JPMorgan: Plugging the gaps
No one doubts JPMorgan's global influence, but it still needs to fill some holes in its corporate bank
Of all the global corporate and investment banks, Jamie Dimon’s JPMorgan remains the one whose overall performance is the yardstick for rivals. At more than $75 billion for the first three quarters of 2017, its revenues surpass all others, as do its profits of nearly $27 billion.
Its corporate and investment banking division vies for top spot with Bank of America Merrill Lynch and Citi in both profits and revenue. It makes more money in fixed income, currencies and commodities than anyone else, even when that sector is experiencing some of its toughest times.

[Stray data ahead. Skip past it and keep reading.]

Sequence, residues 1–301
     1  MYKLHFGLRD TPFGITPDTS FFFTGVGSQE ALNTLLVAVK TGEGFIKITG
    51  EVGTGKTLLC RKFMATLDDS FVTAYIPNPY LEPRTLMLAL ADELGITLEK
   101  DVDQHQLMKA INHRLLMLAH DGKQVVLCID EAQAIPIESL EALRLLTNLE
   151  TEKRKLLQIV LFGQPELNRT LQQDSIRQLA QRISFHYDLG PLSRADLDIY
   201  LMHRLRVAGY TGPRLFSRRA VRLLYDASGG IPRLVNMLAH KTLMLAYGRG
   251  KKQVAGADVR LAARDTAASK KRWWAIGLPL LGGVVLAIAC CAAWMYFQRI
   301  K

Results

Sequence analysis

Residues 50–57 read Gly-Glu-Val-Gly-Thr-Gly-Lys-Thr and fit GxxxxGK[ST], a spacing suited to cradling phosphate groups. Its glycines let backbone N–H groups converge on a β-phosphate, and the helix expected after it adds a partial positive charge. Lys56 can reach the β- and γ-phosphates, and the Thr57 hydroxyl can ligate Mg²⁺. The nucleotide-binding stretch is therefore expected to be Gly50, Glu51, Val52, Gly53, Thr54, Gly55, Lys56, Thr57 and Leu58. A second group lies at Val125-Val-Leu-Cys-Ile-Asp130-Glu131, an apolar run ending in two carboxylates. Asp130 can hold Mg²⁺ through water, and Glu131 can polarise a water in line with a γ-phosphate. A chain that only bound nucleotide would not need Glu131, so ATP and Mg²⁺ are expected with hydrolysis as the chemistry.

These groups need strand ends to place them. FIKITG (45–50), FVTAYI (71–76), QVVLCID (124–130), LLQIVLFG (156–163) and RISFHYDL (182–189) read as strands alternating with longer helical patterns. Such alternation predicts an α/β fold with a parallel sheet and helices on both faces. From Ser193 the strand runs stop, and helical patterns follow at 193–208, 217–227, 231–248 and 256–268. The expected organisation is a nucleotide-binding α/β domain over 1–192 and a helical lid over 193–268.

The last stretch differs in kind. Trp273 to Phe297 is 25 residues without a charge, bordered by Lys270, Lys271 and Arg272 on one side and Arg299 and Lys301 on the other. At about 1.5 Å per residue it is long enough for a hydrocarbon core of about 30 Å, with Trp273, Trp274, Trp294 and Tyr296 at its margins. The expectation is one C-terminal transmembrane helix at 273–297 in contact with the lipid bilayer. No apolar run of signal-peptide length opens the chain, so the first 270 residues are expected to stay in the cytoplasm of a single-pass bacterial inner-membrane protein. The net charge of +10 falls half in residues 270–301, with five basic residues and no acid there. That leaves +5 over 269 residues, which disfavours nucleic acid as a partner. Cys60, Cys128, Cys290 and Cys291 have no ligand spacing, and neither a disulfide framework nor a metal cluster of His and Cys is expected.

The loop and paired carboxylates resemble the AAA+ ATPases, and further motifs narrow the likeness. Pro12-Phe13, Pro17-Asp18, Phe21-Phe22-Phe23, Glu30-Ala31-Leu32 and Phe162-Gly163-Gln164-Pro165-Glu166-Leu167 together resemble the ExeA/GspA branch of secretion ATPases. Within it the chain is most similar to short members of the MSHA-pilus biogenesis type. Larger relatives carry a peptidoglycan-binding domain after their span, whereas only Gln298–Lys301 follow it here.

Such has been the story pretty much consistently since the global financial crisis. But while strength in its home market is natural, it is the bank’s improvement in Europe that has been one of the most striking aspects of its recent performance. It topped the regional investment bank league tables published by Coalition in 2016 and the first half of 2017, ranking first in FICC, equities and investment banking.
In each of the last two years, the bank has ranked top in EMEA equity capital markets bookrunners, according to Dealogic.